We roil at the limitations and oppressive qualities of the LMS. But the problem here is not the LMS-it is that, despite our best efforts at creating other platforms, we still think through our own internal LMS. The problem is that whether we are using Blackboard or teaching in Canvas or building a Domains project, we are most likely not doing thinking that is liberative enough.

The point is not just about platform. The point is about praxis.

the LMS is an outlook, a standpoint, a conviction. Like it or not, it is in our blood as a product of our privilege and our educations. It is not a cage we put students in as much as it is an artificial playground over which we can be masters. It is, in fact, a learning space, but not for the content we put there; rather it is a space of enculturation into an oppressive educative model which each of us has born the weight of, and into which we each believe, to varying degrees, students should be baptized. The same is true of the classroom, the academy, the professional conference. These are spaces we understand, where we are not marginal, but where we can invite the marginal to participate, to become not-marginal. And this invitation to the middle is an act we say is elevating, is doing good.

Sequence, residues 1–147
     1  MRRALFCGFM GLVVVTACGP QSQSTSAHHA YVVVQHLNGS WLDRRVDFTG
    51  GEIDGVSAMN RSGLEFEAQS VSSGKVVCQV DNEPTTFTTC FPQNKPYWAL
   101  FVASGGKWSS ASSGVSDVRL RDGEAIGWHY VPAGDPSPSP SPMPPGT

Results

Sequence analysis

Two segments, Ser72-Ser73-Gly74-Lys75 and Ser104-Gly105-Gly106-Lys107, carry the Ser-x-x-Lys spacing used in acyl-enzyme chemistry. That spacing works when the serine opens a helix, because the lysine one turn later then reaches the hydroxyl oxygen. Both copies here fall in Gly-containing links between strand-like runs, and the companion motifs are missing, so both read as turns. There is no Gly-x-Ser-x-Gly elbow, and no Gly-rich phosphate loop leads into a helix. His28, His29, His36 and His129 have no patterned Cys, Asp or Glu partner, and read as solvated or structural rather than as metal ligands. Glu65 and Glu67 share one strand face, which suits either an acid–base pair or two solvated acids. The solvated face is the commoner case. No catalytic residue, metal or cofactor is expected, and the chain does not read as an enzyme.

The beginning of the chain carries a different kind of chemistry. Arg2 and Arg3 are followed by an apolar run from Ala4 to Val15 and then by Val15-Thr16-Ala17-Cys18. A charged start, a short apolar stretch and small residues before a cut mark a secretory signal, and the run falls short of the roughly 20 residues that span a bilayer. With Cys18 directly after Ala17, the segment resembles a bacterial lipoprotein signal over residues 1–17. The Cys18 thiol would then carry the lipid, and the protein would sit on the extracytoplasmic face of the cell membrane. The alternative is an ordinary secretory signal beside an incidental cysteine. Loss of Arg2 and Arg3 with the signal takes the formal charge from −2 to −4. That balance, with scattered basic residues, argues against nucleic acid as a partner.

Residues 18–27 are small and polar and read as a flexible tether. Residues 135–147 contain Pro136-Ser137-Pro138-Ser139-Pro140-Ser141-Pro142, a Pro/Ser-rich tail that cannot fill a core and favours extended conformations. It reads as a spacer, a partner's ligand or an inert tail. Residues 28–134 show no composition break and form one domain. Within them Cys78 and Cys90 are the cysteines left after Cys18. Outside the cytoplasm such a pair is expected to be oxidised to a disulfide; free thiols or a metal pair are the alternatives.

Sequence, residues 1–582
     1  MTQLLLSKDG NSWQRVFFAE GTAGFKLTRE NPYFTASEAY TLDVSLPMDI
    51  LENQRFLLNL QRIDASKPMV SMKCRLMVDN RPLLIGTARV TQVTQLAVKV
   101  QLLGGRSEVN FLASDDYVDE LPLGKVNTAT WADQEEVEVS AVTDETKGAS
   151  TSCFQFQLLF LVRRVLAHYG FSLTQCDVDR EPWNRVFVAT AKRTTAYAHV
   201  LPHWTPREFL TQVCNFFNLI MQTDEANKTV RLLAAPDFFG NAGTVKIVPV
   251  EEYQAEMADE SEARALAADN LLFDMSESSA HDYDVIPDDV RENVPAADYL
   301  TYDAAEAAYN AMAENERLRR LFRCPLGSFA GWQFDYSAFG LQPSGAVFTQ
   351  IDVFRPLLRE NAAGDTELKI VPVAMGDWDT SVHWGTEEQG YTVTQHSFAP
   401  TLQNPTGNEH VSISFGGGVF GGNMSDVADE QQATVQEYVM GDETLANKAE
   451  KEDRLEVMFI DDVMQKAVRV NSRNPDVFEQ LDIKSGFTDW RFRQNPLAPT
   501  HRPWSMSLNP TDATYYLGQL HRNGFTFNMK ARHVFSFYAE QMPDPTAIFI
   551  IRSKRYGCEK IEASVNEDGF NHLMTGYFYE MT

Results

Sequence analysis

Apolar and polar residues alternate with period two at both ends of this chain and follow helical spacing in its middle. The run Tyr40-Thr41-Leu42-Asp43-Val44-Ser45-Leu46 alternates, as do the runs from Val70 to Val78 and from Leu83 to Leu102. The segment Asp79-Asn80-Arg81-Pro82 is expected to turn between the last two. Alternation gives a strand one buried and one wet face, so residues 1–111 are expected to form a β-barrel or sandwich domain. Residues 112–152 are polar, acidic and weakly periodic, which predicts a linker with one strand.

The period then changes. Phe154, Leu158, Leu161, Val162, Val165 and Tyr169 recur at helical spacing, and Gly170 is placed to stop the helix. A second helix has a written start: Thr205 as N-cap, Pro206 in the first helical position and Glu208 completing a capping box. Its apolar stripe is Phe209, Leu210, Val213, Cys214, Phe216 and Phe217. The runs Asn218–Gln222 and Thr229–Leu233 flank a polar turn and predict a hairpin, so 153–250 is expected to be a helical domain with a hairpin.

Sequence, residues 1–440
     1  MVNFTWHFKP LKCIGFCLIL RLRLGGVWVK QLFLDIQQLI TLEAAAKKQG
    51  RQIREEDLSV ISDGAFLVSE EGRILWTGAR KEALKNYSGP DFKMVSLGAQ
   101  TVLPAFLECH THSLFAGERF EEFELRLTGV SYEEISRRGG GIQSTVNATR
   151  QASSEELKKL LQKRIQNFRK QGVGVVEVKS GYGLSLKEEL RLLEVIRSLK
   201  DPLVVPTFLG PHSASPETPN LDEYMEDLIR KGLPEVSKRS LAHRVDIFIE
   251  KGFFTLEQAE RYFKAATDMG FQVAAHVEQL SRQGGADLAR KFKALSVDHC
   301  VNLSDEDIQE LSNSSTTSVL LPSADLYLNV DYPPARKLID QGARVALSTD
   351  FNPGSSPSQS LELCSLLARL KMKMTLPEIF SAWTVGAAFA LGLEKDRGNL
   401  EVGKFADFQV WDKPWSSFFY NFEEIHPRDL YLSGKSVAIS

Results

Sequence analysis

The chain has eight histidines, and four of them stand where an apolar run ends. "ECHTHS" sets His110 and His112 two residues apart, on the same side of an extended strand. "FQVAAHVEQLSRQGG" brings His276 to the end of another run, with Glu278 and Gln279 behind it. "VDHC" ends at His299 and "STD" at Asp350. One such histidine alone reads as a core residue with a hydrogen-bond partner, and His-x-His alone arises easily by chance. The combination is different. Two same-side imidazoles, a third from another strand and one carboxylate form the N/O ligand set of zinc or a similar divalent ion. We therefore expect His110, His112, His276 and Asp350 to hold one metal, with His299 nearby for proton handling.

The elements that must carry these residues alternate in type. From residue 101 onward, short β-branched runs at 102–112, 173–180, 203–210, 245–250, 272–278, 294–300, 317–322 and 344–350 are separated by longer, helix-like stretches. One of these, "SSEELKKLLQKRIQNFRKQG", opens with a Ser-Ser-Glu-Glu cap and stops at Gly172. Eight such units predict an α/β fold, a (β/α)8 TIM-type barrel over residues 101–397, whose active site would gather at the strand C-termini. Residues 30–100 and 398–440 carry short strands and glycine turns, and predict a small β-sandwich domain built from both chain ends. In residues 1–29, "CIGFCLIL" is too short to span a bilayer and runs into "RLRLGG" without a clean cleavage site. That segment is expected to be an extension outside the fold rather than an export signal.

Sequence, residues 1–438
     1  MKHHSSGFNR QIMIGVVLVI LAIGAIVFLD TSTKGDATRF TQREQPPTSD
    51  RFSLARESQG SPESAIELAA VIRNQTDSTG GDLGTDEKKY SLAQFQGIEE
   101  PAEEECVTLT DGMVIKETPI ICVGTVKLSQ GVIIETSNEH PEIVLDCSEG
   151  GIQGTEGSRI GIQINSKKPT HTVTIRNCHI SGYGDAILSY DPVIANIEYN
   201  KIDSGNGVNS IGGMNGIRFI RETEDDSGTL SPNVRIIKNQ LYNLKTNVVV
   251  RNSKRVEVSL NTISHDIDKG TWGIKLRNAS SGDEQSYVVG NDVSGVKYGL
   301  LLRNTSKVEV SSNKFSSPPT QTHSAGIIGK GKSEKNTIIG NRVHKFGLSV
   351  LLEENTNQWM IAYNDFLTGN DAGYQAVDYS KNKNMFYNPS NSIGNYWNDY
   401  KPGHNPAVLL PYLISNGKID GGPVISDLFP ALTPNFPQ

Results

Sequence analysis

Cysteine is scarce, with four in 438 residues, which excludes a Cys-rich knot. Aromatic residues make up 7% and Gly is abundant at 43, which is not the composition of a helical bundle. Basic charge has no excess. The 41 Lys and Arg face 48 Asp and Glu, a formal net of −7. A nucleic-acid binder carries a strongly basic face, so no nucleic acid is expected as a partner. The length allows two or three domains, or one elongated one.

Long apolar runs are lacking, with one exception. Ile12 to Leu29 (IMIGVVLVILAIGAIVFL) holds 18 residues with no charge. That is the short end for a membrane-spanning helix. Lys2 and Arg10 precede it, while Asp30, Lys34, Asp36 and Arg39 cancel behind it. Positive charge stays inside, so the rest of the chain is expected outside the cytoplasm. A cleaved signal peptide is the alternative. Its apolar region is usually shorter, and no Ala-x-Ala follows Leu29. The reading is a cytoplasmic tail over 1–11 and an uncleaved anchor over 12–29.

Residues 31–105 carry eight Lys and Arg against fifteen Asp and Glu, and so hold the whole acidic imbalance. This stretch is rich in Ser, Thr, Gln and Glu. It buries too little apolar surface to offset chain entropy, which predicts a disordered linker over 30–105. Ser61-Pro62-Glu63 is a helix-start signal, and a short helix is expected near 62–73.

There are multitudes of voices that we won’t hear because we do not feel safe in their spaces, on the margins. And safe, for educators, usually means expert, superior, capable, competent. When we enter the margins from our roosts in academe, we suffer the surrender of our confidence. In the face of what might be being created in the spaces we don’t occupy, our knees wobble.